Lege Artis Medicinae

DECEMBER 20, 2007

[MYELODYSPLASTIC SYNDROMES - NEW THERAPEUTIC OPTIONS]

GADÓ Klára

[Myelodysplastic syndrome is a heterogeneous group of acquired clonal disorders of the haematopoietic stem cell characterized by ineffective haematopoiesis, peripheral cytopenia, and a high risk of progression to acute leukaemia. It is a common malignant disease with an increased incidence in the elderly population. Classification is based on a 1999 WHO recommendation, in which morphological features as well as clinical and cytogenetic characteristics are taken into account. Combined with the International Prognostic Scoring System (1997), it is suitable to predict prognosis and response to therapy. Clinical features include symptoms caused by anaemia, infections, and bleeding. Diagnosis is based on peripheral cytopenia and dysplastic morphology, as well as normal or increased cellularity in the bone marrow, with more than 10% of dysplastic cells. The verification of cytogenetic abnormalities is important both for confirming the diagnosis and predicting the prognosis. When designing the treatment strategy, it is essential to take the risk of leukaemia into account. On the other hand, the general state of the patient and the presence of accompanying diseases should also be considered. The goal of the treatment is to increase cell count and to decrease transfusion requirement, eventually to improve quality of life. Supportive therapy is an essential part of the management. In addition, growth factors, immunosuppressive and immunomodulatory agents, low-dose chemotherapy may be applied. Today, cure can only be achieved by allogenic stem cell transplantation. Recent findings in the epigenetic intracellular regulation allowed the definition of new therapeutic targets to develop drugs such as inhibitors of DNA methyltransferase and histone deacetylase.]

Hungarian Radiology

DECEMBER 27, 2010

[Necrotizing enterocolitis in neonatology: comparing the role of X-ray and ultrasonographic examinations]

JENEI Mónika, VÁRKONYI Ildikó, NYITRAI Anna, SZABÓ Miklós, BOKODI Géza, KIS Éva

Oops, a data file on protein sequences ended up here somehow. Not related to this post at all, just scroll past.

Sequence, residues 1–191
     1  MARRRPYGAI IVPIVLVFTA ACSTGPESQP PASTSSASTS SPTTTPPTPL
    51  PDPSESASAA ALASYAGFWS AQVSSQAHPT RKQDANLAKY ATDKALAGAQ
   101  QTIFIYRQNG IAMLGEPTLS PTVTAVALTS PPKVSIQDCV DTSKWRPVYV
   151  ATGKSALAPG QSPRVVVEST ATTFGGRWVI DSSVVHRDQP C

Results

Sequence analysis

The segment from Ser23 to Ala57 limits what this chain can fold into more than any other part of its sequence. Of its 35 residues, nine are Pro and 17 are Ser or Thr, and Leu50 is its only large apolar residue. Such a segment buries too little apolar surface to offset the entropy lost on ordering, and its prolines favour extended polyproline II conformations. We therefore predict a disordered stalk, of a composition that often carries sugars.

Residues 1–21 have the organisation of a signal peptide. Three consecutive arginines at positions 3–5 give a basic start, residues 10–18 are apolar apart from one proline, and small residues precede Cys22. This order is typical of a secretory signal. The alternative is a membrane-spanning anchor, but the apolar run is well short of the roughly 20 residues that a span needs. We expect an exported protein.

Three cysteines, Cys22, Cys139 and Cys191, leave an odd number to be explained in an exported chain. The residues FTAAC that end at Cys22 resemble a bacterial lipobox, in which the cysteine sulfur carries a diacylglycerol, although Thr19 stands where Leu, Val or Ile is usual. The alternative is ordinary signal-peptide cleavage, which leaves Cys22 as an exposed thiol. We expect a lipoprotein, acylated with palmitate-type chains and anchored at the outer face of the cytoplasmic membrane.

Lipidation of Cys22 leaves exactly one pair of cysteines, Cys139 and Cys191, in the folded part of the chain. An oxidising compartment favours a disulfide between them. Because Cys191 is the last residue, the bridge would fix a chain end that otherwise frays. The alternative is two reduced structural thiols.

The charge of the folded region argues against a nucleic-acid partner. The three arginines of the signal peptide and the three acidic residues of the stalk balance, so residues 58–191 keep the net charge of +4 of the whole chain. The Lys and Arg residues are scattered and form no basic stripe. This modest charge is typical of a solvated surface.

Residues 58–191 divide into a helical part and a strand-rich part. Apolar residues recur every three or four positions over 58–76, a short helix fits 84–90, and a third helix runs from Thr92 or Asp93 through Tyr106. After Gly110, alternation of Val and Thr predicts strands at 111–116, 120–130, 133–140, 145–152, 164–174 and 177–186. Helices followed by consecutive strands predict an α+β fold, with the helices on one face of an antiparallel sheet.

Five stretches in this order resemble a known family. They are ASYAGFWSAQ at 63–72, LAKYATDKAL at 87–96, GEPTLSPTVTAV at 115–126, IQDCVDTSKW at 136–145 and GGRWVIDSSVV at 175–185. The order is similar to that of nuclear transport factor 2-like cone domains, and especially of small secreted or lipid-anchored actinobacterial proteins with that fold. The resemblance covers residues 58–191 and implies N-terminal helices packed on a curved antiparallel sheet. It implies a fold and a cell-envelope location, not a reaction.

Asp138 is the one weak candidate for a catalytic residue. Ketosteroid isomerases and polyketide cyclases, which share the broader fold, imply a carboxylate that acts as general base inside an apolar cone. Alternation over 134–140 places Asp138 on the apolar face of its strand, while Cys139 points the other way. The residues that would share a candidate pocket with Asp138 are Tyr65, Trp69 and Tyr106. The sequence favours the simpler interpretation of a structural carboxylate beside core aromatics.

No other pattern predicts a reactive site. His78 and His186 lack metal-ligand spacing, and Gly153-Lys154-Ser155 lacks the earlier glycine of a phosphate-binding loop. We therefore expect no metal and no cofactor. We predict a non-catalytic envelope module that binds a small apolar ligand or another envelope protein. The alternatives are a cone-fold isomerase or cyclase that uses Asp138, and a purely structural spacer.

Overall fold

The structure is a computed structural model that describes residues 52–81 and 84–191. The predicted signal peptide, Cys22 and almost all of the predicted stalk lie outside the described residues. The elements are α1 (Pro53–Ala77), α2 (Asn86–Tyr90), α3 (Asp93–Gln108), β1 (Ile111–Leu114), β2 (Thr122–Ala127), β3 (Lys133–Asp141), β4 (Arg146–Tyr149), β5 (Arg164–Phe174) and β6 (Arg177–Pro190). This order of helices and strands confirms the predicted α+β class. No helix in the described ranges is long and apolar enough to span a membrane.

[INTRODUCTION - The authors’ purpose was to analyse the role of abdominal ultrasonography (US) in the diagnosis of necrotizing enterocolitis (NEC). They have compared the sensitivity of the current standard diagnostic modalities for this clinical entity: plain abdominal radiography and abdominal US. For a more objective comparison, they created an US scale along with utilising the score system based on abdominal radiography which was published recently. PATIENTS AND METHODS - 46 out of 76 neonates having both clinical and radiological diagnosis of NEC had comparable radiographic and sonographic examinations between June 2006 and October 2009. The authors created a 10-grade US score system, in which sonographic signs of NEC are listed in order of severity, corresponding, where possible with the radiographic scale that was available. The findings were scored individually, then the distribution of scores and their relationship to each other were analysed. For further analysis four groups of severity based on the scores were created with the following categories: mild, moderate, severe and very severe. After graphical representation of the groups, the relationship of the groups created on the basis of scoring the findings by the two diagnostic methods were examined. RESULTS - According to this analysis both abdominal radiographs and sonographs are suitable for diagnosing NEC, which has been justified with statistical data. When analysing the severity groups the authors proved that the two methods diverge in judging groups 3 and 4, thus severe and very severe. The distributions of severity groups formed by the two imaging modalities are different, (P<0,01); and the proportion of group 3 and group 4 is different in case of US and radiographic examinations (P=0.003). CONCLUSIONS - Abdominal sonography and radiography are equally suitable diagnostic methods for diagnosing NEC, and the two methods match each other very well. In cases of mild state, the severity of the disease was found to be the same with both methods, but US allows more sensitive differentiation of serious cases. It is very sensitive in detecting perforations, so it could play a role in determining the indication of surgery.]